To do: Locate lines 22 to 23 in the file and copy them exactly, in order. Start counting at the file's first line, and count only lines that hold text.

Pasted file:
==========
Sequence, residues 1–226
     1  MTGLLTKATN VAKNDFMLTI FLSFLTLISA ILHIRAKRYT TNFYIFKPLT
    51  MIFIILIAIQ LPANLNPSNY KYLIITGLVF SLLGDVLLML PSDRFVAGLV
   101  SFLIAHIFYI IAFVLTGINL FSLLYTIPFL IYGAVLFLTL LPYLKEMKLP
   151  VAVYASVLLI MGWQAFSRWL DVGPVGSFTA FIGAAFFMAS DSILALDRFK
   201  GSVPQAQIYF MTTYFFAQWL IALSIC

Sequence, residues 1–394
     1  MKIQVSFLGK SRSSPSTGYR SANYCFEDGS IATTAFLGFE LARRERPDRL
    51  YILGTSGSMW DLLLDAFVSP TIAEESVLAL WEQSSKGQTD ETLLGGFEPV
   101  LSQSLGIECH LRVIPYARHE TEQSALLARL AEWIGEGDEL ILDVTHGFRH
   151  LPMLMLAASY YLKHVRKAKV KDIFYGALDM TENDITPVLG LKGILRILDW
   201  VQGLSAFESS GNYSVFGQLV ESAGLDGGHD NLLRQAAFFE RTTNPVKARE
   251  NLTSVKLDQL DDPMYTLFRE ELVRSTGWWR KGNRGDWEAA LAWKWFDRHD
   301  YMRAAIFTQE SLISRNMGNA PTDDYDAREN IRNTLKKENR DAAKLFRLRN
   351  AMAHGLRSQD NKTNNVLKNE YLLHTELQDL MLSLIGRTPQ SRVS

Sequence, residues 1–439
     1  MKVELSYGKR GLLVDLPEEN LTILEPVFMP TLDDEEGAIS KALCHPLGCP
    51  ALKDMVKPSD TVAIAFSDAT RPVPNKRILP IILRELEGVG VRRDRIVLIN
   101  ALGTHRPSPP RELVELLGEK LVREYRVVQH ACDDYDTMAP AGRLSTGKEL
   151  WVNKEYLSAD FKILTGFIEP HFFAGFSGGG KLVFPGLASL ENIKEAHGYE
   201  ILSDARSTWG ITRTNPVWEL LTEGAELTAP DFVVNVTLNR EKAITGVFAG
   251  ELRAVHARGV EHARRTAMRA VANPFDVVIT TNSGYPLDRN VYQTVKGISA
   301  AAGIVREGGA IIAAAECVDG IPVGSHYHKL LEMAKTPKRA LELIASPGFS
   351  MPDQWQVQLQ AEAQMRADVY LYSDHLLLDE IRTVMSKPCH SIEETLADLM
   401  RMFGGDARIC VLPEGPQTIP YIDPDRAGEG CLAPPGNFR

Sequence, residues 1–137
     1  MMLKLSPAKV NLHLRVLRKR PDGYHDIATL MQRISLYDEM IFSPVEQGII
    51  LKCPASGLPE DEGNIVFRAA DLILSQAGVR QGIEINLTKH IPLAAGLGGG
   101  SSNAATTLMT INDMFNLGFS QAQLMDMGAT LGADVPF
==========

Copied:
   251  ELRAVHARGV EHARRTAMRA VANPFDVVIT TNSGYPLDRN VYQTVKGISA
   301  AAGIVREGGA IIAAAECVDG IPVGSHYHKL LEMAKTPKRA LELIASPGFS